Students take the lead, sometimes communicating directly with the client, participating in regular progress updates, and being paid for their work, Hulce explained. Once the project is completed, Hulce sends student bios to the client to help facilitate a hire. 

“In all of the manufacturing and the mechanical engineer technology programs, there is 100% placement, and everyone looking typically has an offer” well before graduation, Hulce said. “Those programs are really well known for the students’ capability coming out, because they are doing so much hands-on learning and complete real world projects.”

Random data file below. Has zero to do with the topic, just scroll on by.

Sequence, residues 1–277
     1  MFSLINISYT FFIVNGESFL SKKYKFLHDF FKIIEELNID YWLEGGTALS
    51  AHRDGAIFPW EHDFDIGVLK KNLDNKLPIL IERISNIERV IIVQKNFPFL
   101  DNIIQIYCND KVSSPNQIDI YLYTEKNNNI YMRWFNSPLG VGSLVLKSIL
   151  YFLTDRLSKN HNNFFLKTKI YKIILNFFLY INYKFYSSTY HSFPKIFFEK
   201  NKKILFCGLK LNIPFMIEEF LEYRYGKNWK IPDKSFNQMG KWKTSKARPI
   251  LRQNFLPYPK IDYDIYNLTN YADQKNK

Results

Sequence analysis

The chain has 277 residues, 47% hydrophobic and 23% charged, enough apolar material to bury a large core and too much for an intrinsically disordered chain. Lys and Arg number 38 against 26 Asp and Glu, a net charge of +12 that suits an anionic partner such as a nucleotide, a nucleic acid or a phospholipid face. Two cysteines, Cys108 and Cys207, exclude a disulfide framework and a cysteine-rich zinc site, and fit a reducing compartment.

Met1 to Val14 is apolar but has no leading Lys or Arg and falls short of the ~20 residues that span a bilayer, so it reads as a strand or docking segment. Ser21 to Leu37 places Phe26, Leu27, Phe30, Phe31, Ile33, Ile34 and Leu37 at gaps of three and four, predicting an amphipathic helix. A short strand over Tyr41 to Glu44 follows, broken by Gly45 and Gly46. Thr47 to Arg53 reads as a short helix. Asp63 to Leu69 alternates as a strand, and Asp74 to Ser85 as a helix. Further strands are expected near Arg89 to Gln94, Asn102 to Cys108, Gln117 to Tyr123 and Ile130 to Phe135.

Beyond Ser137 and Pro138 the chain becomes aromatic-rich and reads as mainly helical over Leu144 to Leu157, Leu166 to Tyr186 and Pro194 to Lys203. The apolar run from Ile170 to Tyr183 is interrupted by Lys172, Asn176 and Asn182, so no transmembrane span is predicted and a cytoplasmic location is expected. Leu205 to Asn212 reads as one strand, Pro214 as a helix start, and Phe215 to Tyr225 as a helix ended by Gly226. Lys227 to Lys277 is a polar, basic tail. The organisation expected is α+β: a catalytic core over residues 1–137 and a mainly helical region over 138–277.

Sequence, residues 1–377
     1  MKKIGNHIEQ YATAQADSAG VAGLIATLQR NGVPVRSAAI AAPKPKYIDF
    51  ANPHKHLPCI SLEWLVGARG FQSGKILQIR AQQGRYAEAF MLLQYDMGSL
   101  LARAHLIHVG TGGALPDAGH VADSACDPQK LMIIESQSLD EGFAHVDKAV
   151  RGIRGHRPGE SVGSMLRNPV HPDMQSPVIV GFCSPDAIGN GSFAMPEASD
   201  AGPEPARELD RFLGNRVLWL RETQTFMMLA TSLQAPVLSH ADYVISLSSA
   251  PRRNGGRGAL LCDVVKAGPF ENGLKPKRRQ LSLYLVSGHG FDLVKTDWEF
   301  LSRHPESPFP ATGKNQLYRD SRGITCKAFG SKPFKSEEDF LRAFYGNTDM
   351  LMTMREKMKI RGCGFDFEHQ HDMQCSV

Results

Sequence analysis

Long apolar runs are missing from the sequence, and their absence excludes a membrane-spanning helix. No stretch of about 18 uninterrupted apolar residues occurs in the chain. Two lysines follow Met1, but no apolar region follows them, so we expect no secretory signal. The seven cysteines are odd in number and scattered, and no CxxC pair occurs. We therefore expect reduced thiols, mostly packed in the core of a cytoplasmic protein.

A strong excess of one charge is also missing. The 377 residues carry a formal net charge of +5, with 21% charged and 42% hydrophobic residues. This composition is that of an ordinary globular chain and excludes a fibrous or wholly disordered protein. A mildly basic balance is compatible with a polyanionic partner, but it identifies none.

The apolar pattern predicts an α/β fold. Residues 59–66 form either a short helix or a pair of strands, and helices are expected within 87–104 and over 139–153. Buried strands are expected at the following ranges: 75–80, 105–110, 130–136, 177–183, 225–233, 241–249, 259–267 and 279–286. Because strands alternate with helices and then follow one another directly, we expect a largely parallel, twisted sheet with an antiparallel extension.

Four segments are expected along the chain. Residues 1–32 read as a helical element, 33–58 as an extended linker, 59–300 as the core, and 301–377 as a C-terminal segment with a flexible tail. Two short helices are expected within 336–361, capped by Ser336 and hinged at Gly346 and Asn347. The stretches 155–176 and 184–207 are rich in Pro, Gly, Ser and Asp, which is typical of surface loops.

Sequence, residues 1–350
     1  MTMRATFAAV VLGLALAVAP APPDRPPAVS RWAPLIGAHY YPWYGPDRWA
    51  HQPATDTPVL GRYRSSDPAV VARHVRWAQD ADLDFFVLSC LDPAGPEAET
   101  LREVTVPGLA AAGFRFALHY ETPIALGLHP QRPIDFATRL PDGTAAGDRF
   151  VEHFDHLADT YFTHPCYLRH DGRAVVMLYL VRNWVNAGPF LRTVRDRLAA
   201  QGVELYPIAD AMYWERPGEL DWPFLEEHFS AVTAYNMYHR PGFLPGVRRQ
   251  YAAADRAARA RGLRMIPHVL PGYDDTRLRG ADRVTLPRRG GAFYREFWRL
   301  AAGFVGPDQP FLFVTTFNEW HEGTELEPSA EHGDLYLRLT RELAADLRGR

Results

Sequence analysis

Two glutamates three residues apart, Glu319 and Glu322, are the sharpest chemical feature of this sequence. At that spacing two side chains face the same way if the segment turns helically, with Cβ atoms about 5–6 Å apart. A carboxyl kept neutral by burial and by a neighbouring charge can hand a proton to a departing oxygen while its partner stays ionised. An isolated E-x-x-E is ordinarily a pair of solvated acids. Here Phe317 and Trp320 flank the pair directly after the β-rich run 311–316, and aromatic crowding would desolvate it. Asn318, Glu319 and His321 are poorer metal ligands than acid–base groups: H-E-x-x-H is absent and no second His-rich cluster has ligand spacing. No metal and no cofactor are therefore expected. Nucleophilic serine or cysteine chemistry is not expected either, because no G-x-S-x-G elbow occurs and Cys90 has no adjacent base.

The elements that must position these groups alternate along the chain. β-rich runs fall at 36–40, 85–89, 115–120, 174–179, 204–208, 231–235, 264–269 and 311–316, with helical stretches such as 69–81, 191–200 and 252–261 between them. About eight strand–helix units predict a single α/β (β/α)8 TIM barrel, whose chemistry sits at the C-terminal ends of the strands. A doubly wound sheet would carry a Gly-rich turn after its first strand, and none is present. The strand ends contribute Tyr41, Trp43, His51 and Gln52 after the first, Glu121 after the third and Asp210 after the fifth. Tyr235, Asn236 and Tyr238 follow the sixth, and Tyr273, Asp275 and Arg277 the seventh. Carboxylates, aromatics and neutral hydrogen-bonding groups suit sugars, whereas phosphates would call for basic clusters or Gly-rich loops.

Kippen has helped out tremendously with the collaborative, Hulce said, helping train some of the engineers at the center and offering industry insights. It’s all part of Kippen’s broader philosophy about manufacturing in Vermont: A rising tide lifts all boats.

“In order for us to become any type of manufacturing country again, we need to work together. We need to try to build things to a point where companies aren’t going out of business because they can’t find people to work,” Kippen said. “That’s the reason why I took the position as an educator. You want to be able to say, ‘This is what’s available, and this is what can be done with it. And maybe you don’t need a college education to do well.’”

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In Randolph, a young entrepreneur steps back from business to teach the next generation of manufacturing students